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Reengineering a food poisoning microbe to carry medicines and vaccines

Scientists have used genetic engineering to tame one of the most deadly food poisoning microbes and turn it into a potential new way of giving patients medicine and vaccines in pills rather than injections. The study is in the current issue of ACS’ Molecular Pharmaceutics, a bi-monthly journal.
Colin Pouton and colleagues note that patients by far prefer pills and capsules to the discomfort and inconvenience of injections. But many medicines and vaccines cannot be given by mouth because they would be destroyed by stomach acid without being absorbed into the bloodstream. One promising approach is to use live bacteria, which can survive those harsh conditions and pass easily from the GI tract into the blood.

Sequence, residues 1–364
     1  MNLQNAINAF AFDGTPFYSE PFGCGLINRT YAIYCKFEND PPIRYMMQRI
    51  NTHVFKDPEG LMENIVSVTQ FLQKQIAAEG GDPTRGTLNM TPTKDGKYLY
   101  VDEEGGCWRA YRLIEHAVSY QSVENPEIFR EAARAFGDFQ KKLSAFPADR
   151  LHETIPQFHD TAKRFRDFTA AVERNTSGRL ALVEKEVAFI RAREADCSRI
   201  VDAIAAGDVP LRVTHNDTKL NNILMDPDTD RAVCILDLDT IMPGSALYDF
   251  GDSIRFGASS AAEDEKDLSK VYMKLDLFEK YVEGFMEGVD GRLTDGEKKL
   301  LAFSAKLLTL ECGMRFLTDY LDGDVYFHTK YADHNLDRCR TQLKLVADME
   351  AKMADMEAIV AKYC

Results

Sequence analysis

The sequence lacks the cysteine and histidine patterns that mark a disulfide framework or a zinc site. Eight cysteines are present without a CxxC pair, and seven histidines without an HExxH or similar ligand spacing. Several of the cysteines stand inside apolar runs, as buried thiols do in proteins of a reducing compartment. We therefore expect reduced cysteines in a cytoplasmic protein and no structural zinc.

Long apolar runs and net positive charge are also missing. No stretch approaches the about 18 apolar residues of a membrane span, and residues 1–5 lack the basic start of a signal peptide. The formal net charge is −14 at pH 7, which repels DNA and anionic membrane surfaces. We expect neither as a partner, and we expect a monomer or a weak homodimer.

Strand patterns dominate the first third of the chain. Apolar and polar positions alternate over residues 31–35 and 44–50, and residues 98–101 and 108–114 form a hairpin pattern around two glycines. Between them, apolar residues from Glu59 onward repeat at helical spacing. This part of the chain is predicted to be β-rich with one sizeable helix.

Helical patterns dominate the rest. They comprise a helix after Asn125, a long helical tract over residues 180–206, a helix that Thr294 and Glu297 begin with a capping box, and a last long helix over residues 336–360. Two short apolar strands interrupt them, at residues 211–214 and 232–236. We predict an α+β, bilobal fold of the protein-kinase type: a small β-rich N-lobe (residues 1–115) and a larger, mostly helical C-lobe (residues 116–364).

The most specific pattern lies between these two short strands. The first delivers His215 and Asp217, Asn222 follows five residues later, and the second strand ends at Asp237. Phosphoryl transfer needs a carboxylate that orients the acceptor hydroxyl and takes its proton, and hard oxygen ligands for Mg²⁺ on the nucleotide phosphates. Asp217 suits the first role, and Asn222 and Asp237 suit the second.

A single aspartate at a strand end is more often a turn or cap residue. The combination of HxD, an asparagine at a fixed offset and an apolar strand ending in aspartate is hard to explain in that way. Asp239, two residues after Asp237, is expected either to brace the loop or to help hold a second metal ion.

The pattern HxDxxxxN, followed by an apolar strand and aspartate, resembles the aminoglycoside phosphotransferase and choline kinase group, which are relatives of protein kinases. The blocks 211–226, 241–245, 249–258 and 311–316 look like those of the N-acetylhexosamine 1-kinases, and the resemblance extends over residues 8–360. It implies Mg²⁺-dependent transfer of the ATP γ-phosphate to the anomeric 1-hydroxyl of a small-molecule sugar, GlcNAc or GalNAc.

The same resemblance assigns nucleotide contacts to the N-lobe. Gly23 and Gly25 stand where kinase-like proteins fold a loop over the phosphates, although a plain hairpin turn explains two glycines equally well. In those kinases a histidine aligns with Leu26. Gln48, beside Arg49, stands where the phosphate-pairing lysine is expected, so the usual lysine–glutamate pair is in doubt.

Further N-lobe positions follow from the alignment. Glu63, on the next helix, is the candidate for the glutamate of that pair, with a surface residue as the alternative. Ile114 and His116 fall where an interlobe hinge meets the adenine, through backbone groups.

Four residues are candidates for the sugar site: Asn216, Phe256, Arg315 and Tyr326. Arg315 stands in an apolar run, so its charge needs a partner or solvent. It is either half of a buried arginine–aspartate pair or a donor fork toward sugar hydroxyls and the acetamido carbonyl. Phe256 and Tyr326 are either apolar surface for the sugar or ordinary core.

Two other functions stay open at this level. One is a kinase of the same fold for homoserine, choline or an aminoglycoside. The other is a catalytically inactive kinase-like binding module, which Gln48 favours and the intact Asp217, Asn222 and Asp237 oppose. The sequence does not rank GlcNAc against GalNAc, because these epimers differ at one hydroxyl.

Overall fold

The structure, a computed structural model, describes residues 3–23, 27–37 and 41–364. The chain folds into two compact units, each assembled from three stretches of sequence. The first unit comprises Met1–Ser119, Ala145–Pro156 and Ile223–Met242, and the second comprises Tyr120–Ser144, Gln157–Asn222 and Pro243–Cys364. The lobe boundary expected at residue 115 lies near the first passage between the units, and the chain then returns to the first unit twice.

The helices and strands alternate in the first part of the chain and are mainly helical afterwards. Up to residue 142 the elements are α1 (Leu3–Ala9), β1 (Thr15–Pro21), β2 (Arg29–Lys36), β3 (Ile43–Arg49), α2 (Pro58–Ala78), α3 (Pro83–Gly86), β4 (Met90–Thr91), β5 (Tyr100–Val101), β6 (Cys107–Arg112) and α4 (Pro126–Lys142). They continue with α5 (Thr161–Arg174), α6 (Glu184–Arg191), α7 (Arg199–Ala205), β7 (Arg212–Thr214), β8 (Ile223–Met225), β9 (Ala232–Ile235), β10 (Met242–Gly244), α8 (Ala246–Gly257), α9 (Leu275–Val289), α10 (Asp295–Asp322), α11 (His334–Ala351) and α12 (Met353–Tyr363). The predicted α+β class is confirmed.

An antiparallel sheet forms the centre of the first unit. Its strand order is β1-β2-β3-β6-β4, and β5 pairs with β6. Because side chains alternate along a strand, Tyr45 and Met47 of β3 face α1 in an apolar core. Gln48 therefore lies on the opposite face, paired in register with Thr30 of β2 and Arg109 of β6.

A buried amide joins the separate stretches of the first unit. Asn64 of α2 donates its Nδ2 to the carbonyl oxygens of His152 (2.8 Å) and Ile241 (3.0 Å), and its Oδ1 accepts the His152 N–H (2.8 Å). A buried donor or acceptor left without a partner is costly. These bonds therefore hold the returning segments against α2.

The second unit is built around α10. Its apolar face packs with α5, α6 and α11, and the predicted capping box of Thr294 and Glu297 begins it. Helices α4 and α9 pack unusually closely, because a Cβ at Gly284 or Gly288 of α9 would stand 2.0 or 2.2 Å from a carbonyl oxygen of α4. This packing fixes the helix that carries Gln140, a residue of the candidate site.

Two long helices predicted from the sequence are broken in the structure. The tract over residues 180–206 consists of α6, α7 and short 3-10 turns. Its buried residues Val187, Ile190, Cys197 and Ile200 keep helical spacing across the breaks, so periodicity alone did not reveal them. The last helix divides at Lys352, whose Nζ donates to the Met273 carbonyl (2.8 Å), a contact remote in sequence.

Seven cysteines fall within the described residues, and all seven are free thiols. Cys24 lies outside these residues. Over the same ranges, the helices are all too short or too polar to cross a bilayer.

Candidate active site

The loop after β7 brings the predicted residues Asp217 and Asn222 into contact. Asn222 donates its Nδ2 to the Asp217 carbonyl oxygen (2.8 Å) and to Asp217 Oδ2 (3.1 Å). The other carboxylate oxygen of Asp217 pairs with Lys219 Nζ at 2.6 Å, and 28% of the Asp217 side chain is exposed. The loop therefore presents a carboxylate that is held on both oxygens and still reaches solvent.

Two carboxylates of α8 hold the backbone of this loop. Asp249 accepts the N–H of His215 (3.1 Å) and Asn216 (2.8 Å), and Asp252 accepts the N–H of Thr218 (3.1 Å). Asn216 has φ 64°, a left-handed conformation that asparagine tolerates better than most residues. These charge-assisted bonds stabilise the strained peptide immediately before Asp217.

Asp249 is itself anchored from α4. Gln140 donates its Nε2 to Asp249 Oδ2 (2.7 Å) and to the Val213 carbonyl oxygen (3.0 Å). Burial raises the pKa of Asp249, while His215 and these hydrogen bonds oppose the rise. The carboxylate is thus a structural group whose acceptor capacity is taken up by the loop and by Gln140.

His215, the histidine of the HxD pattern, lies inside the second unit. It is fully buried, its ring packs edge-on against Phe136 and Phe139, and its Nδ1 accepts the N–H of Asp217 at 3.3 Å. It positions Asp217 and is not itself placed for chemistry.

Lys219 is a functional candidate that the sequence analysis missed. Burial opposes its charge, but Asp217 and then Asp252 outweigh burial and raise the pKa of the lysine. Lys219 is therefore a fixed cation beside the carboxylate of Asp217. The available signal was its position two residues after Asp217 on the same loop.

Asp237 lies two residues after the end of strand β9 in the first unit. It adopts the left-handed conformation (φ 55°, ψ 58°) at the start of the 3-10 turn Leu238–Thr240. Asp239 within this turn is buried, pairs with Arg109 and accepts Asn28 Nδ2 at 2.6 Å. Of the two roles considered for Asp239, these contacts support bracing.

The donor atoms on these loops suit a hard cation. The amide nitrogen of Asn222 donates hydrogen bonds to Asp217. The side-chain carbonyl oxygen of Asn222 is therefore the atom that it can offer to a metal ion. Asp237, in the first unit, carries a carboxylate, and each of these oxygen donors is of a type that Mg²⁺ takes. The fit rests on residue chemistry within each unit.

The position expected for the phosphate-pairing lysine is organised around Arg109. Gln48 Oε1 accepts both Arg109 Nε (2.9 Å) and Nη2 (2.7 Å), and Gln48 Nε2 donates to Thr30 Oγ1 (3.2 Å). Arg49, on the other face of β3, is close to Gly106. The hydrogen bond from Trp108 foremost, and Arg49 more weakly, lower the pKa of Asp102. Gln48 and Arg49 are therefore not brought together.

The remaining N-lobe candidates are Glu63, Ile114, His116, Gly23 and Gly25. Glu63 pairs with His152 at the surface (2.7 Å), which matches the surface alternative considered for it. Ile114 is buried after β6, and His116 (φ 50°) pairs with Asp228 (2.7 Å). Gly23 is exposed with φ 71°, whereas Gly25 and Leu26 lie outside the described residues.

The scientists describe development of a new strain of Listeria monocytogenes, bacteria that normally cause food poisoning, but which have been genetically engineered to be harmless.  Instead of causing disease, the new microbes can be loaded with medicine or vaccine, and deliver that beneficial cargo by “infecting” cells. After entering cells, the bacteria burst and die, leading to Pouton’s term “suicidal strain” for the microbes. The researchers demonstrated that engineered bacteria containing a test protein could successfully penetrate a group of intestinal cells grown in the lab and deliver the protein inside the cells while leaving the cells unharmed. The findings suggest that the approach could potentially work in humans, the researchers say. 

-- News release courtesy of American Chemical Society  

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